Click to enlarge

Moving onto differences and product segmentation, we'll start with networking. The entry-level model, the Z270X-Gaming K5, sports a single Killer E2500 LAN port. For the next three models up, Gigabyte retains this but also adds a second, Intel-powered Gigabit LAN port. It's not until you get to the pricey Z270X-Gaming 8 that Wi-Fi is added to the mix, again via Killer and its Wireless AC 1535 chip. The flagship Z270X-Gaming 9 drops Intel again in favour of a triple Killer arrangement – dual Killer LAN ports and the same Wi-Fi connectivity as the Gaming 8.

Gigabyte Aorus Motherboards: A Closer Look
Gigabyte Aorus Motherboards: A Closer Look
Click to enlarge

Audio is another means of separating the boards, although Gigabyte does use Nichicon Fine Gold capacitors on all models. The Gaming K5, Gaming 5, and Gaming K7 use the eight-channel Realtek ALC1220 codec and include a single swappable op-amp. The Gaming 7 introduces the dedicated Creative Sound Core3D quad-core processor, and for the Gaming 8 and Gaming 9 this is further upgraded with red additional WIMA FKP2 capacitors and an additional two upgradable op-amps (three total). We tested the Creative processor in our Gaming 7 reviews, and its results in RightMark were excellent – well beyond what we'd seen with boards that stuck with ALC1220.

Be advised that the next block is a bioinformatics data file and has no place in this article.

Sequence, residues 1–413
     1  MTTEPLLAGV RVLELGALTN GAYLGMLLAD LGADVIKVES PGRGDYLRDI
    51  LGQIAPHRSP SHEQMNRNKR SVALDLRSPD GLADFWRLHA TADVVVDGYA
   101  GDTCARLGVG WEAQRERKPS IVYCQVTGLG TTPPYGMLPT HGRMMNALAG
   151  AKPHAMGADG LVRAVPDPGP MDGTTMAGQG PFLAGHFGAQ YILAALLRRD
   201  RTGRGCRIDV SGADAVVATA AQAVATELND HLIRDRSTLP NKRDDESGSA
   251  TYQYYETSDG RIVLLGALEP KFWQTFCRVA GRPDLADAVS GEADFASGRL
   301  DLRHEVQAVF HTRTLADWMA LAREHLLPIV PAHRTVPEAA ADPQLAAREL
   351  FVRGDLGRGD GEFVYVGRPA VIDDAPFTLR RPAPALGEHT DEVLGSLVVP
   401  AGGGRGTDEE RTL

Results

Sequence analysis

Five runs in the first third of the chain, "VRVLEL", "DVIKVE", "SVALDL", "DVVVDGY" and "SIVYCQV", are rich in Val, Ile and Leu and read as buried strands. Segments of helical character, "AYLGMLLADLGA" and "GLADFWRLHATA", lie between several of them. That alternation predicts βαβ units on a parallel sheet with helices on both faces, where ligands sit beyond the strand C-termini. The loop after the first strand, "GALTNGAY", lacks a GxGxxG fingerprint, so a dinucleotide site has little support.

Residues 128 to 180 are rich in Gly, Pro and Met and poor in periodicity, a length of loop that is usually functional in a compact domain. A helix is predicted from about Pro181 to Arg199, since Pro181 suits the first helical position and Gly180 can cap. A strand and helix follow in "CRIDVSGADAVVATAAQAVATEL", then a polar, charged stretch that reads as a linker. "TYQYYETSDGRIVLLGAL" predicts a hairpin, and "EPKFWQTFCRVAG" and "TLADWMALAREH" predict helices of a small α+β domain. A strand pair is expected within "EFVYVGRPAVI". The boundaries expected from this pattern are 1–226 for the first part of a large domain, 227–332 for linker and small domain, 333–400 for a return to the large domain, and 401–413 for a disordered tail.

Gigabyte Aorus Motherboards: A Closer Look
Click to enlarge

While USB 3.1 Gen 2 is common to all six boards, only the top three have Intel-powered ports and, consequently, Thunderbolt 3 support as well. The Gaming 8 and Gaming 9 also use HDMI 2.0 in place of HDMI 1.4 on the other four, have two U.2 ports instead of one, and support Q-Flash Plus, which is Gigayte's new BIOS upgrading feature that allows you do flash the BIOS using just a memory stick and power – no CPU or memory needed.

Gigabyte Aorus Motherboards: A Closer Look
Click to enlarge

Reserved solely for the Z270X-Gaming 9 is a PEX8747 PCI-E lane splitter that enables true four-way GPU support as well as x16/x16 dual-GPU setups. X99 tends to be the favoured platform for multi-GPU setups, and four-way configurations are becoming less and less relevant, with Nvidia all but abandoning it. Even so, it's understandable that only the flagship board would have this feature – the PEX7847 chip is not cheap to include.